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World Macron Tried to Broker Meeting Between Trump, Iran's President

15:51  25 september  2019
15:51  25 september  2019 Source:   online.wsj.com

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What a successful Trump strategy on Iran must include Holding Iran accountable is a core component of any coherent Iran strategy, writes Samantha Vinograd. To date, the administration has suffered from self-inflicted policy wounds and a lack of a thoughtful strategy to get back to the negotiating table. Whether it's a Trump-Rouhani meeting in New York or private discussions between US and Iranian experts to lay out the parameters for meaningful negotiations, the national security team should not miss the forest for the trees: Iran is a bad actor, but by making a series of policy missteps the administration has aggravated those threats.

French President Emmanuel Macron mounted an intensive effort to broker a meeting between President Trump and Iranian President Hassan Rouhani, but the attempt failed when Iran The meeting would have been the first of a U. S . and Iranian president since the 1979 Islamic revolution.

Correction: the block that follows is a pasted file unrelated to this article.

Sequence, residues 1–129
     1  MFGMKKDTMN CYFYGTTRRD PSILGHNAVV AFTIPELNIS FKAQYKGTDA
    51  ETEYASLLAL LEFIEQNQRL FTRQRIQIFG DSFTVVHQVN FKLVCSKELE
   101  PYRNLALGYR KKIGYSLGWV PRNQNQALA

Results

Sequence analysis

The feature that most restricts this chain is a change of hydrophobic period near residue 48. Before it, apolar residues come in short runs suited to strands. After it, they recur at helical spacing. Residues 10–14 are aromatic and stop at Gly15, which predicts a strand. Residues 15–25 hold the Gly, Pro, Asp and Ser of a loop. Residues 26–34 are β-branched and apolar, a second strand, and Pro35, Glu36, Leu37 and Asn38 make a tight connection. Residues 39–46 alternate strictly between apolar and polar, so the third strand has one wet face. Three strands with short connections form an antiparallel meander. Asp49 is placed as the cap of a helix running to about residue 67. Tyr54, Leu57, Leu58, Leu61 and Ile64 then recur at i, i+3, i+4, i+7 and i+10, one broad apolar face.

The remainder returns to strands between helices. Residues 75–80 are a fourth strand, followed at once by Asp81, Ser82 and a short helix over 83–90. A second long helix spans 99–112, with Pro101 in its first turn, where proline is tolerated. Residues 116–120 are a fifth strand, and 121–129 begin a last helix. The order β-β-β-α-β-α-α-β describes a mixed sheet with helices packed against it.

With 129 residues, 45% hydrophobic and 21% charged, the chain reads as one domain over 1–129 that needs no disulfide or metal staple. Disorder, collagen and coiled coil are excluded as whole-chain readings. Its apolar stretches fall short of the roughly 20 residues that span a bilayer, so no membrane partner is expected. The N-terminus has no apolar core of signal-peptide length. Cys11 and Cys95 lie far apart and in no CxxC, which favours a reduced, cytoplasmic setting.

French President Emmanuel Macron made the proposals and tried to broker a meeting between Trump and Rouhani, the Iranian leader said. In an interview with CNN' s Christiane Amanpour in September, Iranian Foreign Minister Javad Zarif said Iran would be open to negotiating a new deal

UNITED NATIONS—French President Emmanuel Macron mounted an intensive effort Tuesday to broker a meeting between President Trump and Iranian President Hassan Rouhani, but the attempt failed when the Iranian side insisted the U.S. first commit to easing sanctions, according to people briefed on the discussions.

a group of people standing next to a person in a suit and tie © ludovic marin/Agence France-Presse/Getty Images

The meeting would have been the first of a U.S. and Iranian president since the 1979 Islamic revolution.

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The confidential diplomatic maneuvers, which were strongly supported by British Prime Minister Boris Johnson, took place amid the rising tensions in the Persian Gulf following the alleged Iranian attack earlier this month on a Saudi oil facility and a war of words between Washington and Tehran.